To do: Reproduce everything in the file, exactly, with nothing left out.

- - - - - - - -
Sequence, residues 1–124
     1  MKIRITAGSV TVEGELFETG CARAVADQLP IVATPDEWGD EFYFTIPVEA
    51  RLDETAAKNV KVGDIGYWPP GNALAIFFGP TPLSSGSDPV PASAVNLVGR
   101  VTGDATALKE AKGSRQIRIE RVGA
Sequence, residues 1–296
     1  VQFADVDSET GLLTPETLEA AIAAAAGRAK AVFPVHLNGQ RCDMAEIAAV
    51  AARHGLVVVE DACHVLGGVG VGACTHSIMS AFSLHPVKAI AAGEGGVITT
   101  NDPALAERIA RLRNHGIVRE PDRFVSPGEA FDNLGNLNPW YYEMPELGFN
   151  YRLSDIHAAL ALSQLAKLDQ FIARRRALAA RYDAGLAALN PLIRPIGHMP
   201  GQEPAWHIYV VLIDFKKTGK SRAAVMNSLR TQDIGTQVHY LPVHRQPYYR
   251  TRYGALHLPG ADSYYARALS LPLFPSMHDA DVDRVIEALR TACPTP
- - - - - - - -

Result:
Sequence, residues 1–124
     1  MKIRITAGSV TVEGELFETG CARAVADQLP IVATPDEWGD EFYFTIPVEA
    51  RLDETAAKNV KVGDIGYWPP GNALAIFFGP TPLSSGSDPV PASAVNLVGR
   101  VTGDATALKE AKGSRQIRIE RVGA
Sequence, residues 1–296
     1  VQFADVDSET GLLTPETLEA AIAAAAGRAK AVFPVHLNGQ RCDMAEIAAV
    51  AARHGLVVVE DACHVLGGVG VGACTHSIMS AFSLHPVKAI AAGEGGVITT
   101  NDPALAERIA RLRNHGIVRE PDRFVSPGEA FDNLGNLNPW YYEMPELGFN
   151  YRLSDIHAAL ALSQLAKLDQ FIARRRALAA RYDAGLAALN PLIRPIGHMP
   201  GQEPAWHIYV VLIDFKKTGK SRAAVMNSLR TQDIGTQVHY LPVHRQPYYR
   251  TRYGALHLPG ADSYYARALS LPLFPSMHDA DVDRVIEALR TACPTP